In Other Important Questions, What’s the Difference Between a Calzone and a Stromboli?
You may be confusing these two pizza-like creations.
By Layla Khoury-Hanold for Food Network Kitchen
Layla Khoury-Hanold is a contributor at Food Network.
Calzones and stromboli are variations on a pizza theme: both are made with pizza or bread dough and stuffed with cheese. And both lend themselves to creative customization with fillings made up of different cheeses and toppings. But the similarities end there. Here, we break down the calzone versus stromboli and share our favorite recipes.
What Is Stromboli?
A stromboli is an Italian-American dish that features a rectangle of pizza dough or yeasted bread dough that’s topped with mozzarella (sometimes Parmesan or other cheeses) and add-ons such as cured meats and veggies, and sometimes tomato sauce too. The dough is then folded lengthwise over the filling into a cylinder; the excess dough is folded and over the sides and pressed or pinched at the seam to seal. Slits are cut into the top to allow steam to escape while baking. The stromboli is brushed with an egg wash or olive oil, baked until golden, then sliced into portions to yield multiple servings.
What Is a Calzone?
A calzone is an Italian dish that features a circular piece of pizza or yeasted bread dough that’s folded in half over a filling that includes ricotta, and often mozzarella and Parmesan, too, cured meats, vegetables and herbs, then sealed shut using a crimping technique. It’s brushed with an egg wash, then baked until golden. It’s typically cut in half to serve one or two people and is accompanied by marinara sauce for dipping. Mini calzones can also be deep-fried and are called panzerotti.
Difference Between Calzone and Stromboli
Dough, Shape and Sealing Technique
The main difference between a calzone and stromboli lies in the shape of the dough and how they are sealed. A calzone features a circle of dough that’s folded in half over the filling and sealed by crimping, like a pasty or empanada. A stromboli starts with a rectangular piece of dough that’s then topped with add-ins and cheese, rolled up lengthwise and sealed by folding and pressing the extra dough over the edges.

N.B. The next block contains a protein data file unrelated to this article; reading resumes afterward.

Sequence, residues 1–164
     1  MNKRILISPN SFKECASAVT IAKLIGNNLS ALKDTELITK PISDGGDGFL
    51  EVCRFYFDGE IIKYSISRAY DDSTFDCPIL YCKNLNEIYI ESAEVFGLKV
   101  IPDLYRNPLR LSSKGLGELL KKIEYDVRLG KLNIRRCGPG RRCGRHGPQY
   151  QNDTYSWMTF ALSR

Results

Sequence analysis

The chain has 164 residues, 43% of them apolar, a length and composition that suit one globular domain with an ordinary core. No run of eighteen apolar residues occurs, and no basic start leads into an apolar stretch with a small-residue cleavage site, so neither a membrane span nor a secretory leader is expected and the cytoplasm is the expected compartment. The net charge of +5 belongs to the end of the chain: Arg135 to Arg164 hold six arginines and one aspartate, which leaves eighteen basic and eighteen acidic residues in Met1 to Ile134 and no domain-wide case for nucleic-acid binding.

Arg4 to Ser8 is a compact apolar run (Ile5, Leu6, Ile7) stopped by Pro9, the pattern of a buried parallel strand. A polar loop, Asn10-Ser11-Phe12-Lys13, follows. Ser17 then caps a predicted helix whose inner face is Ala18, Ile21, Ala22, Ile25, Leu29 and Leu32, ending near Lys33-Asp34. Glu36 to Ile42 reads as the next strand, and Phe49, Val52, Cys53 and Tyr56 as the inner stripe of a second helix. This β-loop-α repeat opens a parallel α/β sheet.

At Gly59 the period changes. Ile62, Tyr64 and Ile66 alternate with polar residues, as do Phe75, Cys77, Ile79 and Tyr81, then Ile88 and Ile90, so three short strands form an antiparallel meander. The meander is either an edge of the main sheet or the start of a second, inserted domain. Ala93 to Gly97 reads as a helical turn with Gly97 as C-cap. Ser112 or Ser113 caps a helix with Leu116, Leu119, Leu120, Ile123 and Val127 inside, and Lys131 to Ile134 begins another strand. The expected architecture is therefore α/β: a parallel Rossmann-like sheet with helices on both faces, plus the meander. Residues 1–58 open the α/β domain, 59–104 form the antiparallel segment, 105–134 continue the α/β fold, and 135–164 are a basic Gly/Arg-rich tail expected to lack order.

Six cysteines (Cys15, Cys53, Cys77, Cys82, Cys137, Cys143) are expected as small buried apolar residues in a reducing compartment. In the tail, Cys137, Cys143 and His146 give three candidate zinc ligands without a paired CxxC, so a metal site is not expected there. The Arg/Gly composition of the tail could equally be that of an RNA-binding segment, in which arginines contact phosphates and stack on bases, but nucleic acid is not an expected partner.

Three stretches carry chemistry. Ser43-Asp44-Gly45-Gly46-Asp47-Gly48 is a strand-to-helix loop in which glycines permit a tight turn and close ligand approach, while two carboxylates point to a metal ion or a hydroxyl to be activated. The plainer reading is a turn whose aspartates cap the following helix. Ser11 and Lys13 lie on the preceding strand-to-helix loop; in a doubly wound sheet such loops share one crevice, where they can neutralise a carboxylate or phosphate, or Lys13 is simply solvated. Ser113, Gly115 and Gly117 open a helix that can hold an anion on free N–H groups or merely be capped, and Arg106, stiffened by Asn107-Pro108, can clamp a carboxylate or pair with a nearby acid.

Calzones hail from Naples, Italy, while stromboli are an Italian-American creation that originated in South Philadelphia.
Calzones and stromboli share several the same fillings, including cured meats and veggies. And while both have Italian cheese, calzones are made with ricotta (often alongside mozzarella and/or Parmesan) while stromboli are typically only made with mozzarella. Calzones’ fillings do not include sauce; marinara is served on the side for dipping. Stromboli portions can also be dipped, but they can also be baked with the sauce inside.
A calzone is typically cut in half and meant to serve one or two people. A stromboli is sliced into multiple servings.
Starting with refrigerated pizza dough makes this stromboli a cinch. It gets mounded with a mixture of shredded Swiss and sliced string mozzarella cheese, then topped with basil, tomato sauce, chopped olives and ribbons of mortadella. It all adds up to a salty, cheesy bite that eats like an Italian deli sub meets a Sicilian slice.
Teaming up antipasto and deli staples make for classic stromboli fillings. Here, artichoke hearts and salami are layered with shredded Parmesan, thinly sliced Provolone and handfuls of baby spinach. A lemony spinach side salad with toasted walnuts is the perfect foil to the savory stromboli slices.
For her vegetarian stromboli, Ree Drummond dresses up broccoli florets with sun dried tomato pesto, mozzarella, cheddar and Parmesan cheeses and fresh basil, which pulls double duty as a garnish too. Don’t forget to serve slices with warm marinara sauce for dipping.
This stromboli riff calls for a filling of deli ham, pepperoni, Italian sausage and mozzarella, but pulls in prepared crescent roll dough instead of pizza dough, yielding a tender, flaky crust. It’s perfect for serving a crowd, whether it’s game day or movie night: just slice, dip and eat.
This fan-favorite combo calls for a filling of mozzarella, ricotta and Parmesan seasoned with fresh basil and sliced scallions. A sprinkling of Parmesan on top just before baking adds toasty, savory depth. Serve with marinara sauce and round out the plate with sliced salami and giardiniera, tangy Italian pickled vegetables.
For her streamlined take, Ree Drummond thaws frozen, unrisen dinner rolls, allows the portioned dough to rise, then rolls each into a circle. She heaps one half with three-cheese-and-sausage filling, folds the dough over and crimps it shut, then bakes it until golden brown.
Giada De Laurentiis rolls out mini pizza dough rounds then seals them shut around a filling of mozzarella and shrimp cooked with chopped tomatoes. The diminutive calzones bake up golden and are just the kind of crowd-pleasing appetizer to serve at your next get together. Even kids love ‘em!
This riff on calzones pairs shredded mozzarella with a filling of sauteed ground pork and red bell peppers. It comes together in 40 minutes, making calzones a weeknight dinner reality.